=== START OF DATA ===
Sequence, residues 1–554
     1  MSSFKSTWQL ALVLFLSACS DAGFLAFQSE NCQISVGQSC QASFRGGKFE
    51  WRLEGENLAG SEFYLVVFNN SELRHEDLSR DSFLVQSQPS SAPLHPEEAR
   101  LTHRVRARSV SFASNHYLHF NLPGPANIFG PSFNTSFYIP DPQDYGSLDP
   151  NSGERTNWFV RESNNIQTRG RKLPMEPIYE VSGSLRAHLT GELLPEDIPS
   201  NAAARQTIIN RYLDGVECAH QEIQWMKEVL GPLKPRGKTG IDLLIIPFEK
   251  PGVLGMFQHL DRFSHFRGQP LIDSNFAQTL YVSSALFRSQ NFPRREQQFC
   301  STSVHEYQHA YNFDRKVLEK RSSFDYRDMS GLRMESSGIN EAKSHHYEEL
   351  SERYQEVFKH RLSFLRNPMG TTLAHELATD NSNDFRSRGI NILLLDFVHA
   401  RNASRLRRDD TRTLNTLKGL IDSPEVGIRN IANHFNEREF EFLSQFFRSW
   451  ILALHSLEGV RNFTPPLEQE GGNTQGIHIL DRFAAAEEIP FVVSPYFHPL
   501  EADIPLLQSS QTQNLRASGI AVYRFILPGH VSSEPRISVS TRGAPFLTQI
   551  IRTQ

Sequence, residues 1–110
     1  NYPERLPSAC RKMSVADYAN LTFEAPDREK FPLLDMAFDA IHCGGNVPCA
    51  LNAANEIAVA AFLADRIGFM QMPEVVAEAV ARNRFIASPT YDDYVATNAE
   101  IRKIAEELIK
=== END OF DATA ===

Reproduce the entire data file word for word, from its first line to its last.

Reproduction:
Sequence, residues 1–554
     1  MSSFKSTWQL ALVLFLSACS DAGFLAFQSE NCQISVGQSC QASFRGGKFE
    51  WRLEGENLAG SEFYLVVFNN SELRHEDLSR DSFLVQSQPS SAPLHPEEAR
   101  LTHRVRARSV SFASNHYLHF NLPGPANIFG PSFNTSFYIP DPQDYGSLDP
   151  NSGERTNWFV RESNNIQTRG RKLPMEPIYE VSGSLRAHLT GELLPEDIPS
   201  NAAARQTIIN RYLDGVECAH QEIQWMKEVL GPLKPRGKTG IDLLIIPFEK
   251  PGVLGMFQHL DRFSHFRGQP LIDSNFAQTL YVSSALFRSQ NFPRREQQFC
   301  STSVHEYQHA YNFDRKVLEK RSSFDYRDMS GLRMESSGIN EAKSHHYEEL
   351  SERYQEVFKH RLSFLRNPMG TTLAHELATD NSNDFRSRGI NILLLDFVHA
   401  RNASRLRRDD TRTLNTLKGL IDSPEVGIRN IANHFNEREF EFLSQFFRSW
   451  ILALHSLEGV RNFTPPLEQE GGNTQGIHIL DRFAAAEEIP FVVSPYFHPL
   501  EADIPLLQSS QTQNLRASGI AVYRFILPGH VSSEPRISVS TRGAPFLTQI
   551  IRTQ

Sequence, residues 1–110
     1  NYPERLPSAC RKMSVADYAN LTFEAPDREK FPLLDMAFDA IHCGGNVPCA
    51  LNAANEIAVA AFLADRIGFM QMPEVVAEAV ARNRFIASPT YDDYVATNAE
   101  IRKIAEELIK